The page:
It’s about time, but judgment is making a comeback. In February, Cherry Creek High School student Marie Morrow faced expulsion because she left a …
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It’s about time, but judgment is making a comeback. In February,
Cherry Creek High School student Marie Morrow faced expulsion
because she left a plastic rifle in the back seat of her car when
she drove to school. Not only was it a non-functioning rifle, she
had no intention of using it for intimidation of fellow students.
She’s a member of Douglas County Young Marines and she uses the
rifle in performance drills.
But as soon as two fellow students — who noticed the gun in her
car as they headed for the edge of campus to smoke a cigarette —
reported it, a snowball of shameful decisions began to roll.
The district’s actions followed state law which, at the time,
said that even facsimiles of guns aren’t allowed on school grounds,
which follows school district policy mandating a 10-day suspension
and a subsequent expulsion hearing. Following is the whole
As happens so many times in cases like these, people quit
leading and start following. They suspend their own good judgment
to follow policies created for events that have nothing to do with
the situation at hand. They either don’t look at the intent of the
policies and the intent of the people involved or they wait far too
long to do so until things progress to ridiculous points. As my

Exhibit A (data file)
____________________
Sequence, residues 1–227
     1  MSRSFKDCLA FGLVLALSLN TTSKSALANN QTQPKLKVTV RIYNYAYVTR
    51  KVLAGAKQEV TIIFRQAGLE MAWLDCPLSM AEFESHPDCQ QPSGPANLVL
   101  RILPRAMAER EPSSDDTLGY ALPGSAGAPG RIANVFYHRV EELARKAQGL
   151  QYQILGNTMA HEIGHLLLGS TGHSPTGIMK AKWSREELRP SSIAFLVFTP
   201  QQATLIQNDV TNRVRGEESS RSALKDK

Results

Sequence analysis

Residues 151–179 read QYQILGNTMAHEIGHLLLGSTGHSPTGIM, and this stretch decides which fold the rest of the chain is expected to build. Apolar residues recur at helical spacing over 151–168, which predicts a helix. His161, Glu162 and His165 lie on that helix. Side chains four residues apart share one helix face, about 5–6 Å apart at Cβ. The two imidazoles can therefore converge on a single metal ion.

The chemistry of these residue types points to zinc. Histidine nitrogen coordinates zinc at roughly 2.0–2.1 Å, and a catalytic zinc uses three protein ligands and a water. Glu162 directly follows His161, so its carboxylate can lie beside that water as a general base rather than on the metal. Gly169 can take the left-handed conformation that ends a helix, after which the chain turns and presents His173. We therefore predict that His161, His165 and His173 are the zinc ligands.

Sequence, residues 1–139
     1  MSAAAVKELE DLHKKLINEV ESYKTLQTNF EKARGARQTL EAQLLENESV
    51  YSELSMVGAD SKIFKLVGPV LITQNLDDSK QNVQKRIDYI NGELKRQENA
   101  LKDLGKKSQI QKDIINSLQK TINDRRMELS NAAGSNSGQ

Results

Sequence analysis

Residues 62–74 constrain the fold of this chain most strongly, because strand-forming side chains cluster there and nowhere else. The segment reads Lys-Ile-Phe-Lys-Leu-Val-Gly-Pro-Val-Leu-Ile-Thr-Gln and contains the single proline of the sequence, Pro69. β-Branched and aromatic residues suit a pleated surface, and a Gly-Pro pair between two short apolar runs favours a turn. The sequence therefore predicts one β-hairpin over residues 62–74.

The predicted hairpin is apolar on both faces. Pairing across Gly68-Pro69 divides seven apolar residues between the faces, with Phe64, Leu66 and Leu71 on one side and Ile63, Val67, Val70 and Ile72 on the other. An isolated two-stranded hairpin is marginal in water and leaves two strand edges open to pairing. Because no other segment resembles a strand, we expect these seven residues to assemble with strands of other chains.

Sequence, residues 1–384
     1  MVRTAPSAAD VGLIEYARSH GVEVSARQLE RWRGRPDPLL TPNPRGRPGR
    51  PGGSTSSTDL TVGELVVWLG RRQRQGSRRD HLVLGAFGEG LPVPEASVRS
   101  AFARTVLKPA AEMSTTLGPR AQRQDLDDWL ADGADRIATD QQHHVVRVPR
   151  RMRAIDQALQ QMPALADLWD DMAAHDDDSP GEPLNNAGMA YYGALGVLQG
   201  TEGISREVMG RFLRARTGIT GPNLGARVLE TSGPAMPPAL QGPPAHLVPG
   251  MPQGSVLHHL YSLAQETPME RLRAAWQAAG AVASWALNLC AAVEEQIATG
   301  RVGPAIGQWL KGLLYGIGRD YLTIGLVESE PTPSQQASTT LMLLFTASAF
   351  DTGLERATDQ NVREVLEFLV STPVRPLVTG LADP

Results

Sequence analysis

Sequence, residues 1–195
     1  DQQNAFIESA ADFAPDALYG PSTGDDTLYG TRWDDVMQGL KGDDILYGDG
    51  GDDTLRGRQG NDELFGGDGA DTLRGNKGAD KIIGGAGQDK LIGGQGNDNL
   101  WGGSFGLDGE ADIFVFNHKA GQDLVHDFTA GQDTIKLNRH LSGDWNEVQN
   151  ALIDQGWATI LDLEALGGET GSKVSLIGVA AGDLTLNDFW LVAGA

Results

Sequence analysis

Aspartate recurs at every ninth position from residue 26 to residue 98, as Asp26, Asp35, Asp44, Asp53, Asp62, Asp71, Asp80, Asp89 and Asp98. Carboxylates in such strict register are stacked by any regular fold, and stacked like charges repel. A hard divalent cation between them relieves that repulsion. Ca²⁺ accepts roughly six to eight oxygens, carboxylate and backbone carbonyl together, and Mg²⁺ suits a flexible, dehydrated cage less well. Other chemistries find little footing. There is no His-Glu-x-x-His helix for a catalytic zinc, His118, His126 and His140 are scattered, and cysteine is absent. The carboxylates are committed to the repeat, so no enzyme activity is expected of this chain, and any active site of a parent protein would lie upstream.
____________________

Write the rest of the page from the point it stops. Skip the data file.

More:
boss is fond of saying, people need to stop the music and
I think people in leadership positions, and often the people who
put them in those positions, forget why they are where they are.
Usually, it was their good judgment that inspired enough confidence
in bosses, voters or whoever put them where they are.
I think the reason they forget is that the constituency beats it
out of them. People in responsible positions often get much more
criticism than they bargained for. I used to cover a town council
where the mayor’s favorite joke at swearing-in ceremonies was,
“You’ve been sworn in and from here on out, you’ll be sworn
I understand the necessity of policy and procedure. I’m a
managing editor, which makes me a middle manager who develops
policies and enforces them. It’s tough to make decisions on the
fly, so we create policies and procedures to think clearly through
situations when we’re not in the heat of the moment so we have some
road map to get us through those situations in the future.
But we should never suspend our judgment for the sake of a
policy. The thinking through is never done and it’s the great
leaders who rely on their own judgment when the situation calls for
Last week, Gov. Bill Ritter signed SB237, which allows school
administrators some discretion in their handling of cases involving
the facsimile of a firearm such as Morrow’s drill rifle.
It’s a good start.
Jeremy Bangs is the managing editor of Colorado Community
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